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Playing baseball sits atop the list of weekend things to do for Alec Bibby, Dave Westmeier and hundreds of other men who head to diamonds around the metro area to play for the 80 teams that make up the Denver National Adult Baseball Association program.
Although they regularly play for other teams, Bibby and Westmeier were Denver Warsenlins teammates during the July 1-3 National Adult Baseball Association’s Mile High Classic Tournament. Bibby, Westmeier and players from a number of other teams joined forces to create the Warsenlins so they could play in the tournament.
“I have been playing baseball since I was a 3-year-old, I have a love and passion for the game so I wanted to continue playing after graduating from Heritage High School,” Bibby, a Littleton resident, said. “Right after graduation, I accepted the opportunity to play on an 18-and-older team and I haven’t missed a season.”
He said it is hard for the entire team to practice as a unit because of the work schedules of the players, so they get in some practice whenever four or five players can get together.
“The greatest thing about playing baseball on an adult team is the friends you make among your teammates,” the 23-year-old said. “You get to know all the guys pretty well on and off the field and I am sure some of these guys will be friends for life.”
Westmeier, a Parker resident, had similar comments.
“I am still playing baseball at 39 because I love the game,” he said. “I played baseball as a kid, played baseball at Mullen High School and continue to play because of the fun we have on the field and the things we enjoy as friends off the field.”
Bibby and Westmeier took the field as members of the Denver Warsenlins for the July 1 tournament game against Omaha.
Bibby was the starting pitcher and, when a reliever took the mound, he moved to second base. Westmeier was the team’s left fielder for part of game.
The Warsenlins scored a run in the first inning but Omaha’s bats came alive in the third inning as they scored eight runs to go ahead for good and went on to win the game, 12-2.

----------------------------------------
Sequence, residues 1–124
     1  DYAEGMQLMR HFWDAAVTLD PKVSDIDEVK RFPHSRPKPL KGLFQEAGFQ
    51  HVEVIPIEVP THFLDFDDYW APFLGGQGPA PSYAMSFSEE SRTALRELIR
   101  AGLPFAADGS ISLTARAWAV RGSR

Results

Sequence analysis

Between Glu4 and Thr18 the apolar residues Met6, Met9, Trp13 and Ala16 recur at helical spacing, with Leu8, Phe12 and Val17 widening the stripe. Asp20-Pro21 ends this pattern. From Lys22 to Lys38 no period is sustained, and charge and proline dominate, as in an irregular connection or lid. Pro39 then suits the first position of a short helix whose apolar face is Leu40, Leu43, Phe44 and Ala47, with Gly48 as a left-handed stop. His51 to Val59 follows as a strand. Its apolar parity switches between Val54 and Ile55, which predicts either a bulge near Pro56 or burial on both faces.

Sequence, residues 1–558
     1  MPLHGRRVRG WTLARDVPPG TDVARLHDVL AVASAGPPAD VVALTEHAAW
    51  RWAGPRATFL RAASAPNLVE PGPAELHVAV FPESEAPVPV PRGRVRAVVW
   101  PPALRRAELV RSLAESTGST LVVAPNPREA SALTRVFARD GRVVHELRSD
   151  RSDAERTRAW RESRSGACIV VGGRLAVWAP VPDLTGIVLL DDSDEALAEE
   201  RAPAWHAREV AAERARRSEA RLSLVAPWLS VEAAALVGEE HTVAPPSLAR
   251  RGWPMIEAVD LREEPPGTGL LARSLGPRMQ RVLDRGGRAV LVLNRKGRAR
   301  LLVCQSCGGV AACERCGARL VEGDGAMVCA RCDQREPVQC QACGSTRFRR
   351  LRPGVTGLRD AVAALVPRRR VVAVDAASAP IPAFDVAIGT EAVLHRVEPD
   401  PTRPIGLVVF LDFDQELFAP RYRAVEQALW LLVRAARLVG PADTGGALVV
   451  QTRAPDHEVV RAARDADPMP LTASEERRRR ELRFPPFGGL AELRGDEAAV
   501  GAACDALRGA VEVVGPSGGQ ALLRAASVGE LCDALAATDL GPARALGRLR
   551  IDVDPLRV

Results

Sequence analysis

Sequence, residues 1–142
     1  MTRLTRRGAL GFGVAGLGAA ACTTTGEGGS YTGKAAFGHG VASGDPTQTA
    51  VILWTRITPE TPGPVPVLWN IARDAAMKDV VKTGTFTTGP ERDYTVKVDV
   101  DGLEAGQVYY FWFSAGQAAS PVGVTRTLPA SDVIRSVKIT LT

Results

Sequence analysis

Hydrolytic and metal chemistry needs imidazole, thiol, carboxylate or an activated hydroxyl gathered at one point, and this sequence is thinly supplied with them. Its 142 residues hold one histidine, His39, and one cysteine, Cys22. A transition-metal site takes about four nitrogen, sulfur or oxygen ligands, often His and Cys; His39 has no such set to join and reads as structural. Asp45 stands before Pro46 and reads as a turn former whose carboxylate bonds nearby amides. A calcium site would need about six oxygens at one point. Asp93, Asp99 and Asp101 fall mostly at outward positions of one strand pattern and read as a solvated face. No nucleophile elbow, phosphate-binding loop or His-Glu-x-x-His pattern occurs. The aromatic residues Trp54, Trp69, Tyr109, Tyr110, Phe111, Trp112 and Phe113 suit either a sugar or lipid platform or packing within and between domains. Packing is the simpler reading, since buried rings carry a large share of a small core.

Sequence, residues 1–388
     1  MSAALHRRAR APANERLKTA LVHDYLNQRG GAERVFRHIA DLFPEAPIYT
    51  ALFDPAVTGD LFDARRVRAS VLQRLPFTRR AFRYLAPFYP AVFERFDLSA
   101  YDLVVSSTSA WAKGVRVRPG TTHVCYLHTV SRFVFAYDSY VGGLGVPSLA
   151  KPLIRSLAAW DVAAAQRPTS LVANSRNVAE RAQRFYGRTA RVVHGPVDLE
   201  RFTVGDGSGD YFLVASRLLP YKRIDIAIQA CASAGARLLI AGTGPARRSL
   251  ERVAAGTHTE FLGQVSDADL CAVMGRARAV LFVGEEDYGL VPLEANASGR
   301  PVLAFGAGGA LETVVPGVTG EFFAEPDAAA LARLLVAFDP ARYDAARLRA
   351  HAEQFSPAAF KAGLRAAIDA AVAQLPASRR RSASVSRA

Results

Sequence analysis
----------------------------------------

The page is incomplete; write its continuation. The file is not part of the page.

The Denver team played well and scored some runs but lost the four tournament games they lost.
“Everyone wants to win,” Bibby said. “But no matter the outcome of a game, it still is a lot of fun to get out on the field and play baseball with my friends.”
Both men agreed they plan to continue to play baseball as long as they can and they said it is great that Denver has a strong NABA program.
The Denver program is part of the National Adult Baseball Association, an organization with headquarters in Littleton.
“We have 80 teams playing in the Denver metro area,” said Joe Collins, NABA vice president. “We have four age group leagues, 18 and older, 25 and older, 35 and older and 48 and older. Some age divisions are divided into leagues based on player ability. Right now we have more than 1,200 men playing baseball in our Denver area adult leagues.”
He said the association welcomes players over 18 of any skill level. There are tryouts in February when teams are formed but men can join the league at any time and the association will have them join a team so they can play baseball. Anyone interested can check it out at the web site, www.denvernaba.com.
The season runs from June to the end of August. Teams play 16 to 20 regular season games plus teams can play in local or travel to tournament around the country. Most leagues play games on Saturdays and Sundays but there is some weekday league.
The association charges a fee per team for each season and the team fee is divided up among the players on the roster so that it averages about $250 per player, Collins said. The team fee money is used to cover operating costs like paying officials, field rentals and insurance premiums. Players also provide their own equipment like gloves, cleats and bats.
Collins has been with the association for 17 years and said it continues to grow in the Denver metro area and around the country.
“Right now we have between 25,000 and 30,000 men around the country playing baseball with the association,” he said. “It has been great to see the program grow. We had about 35 teams when I joined the association and we have more than double that number this season.”
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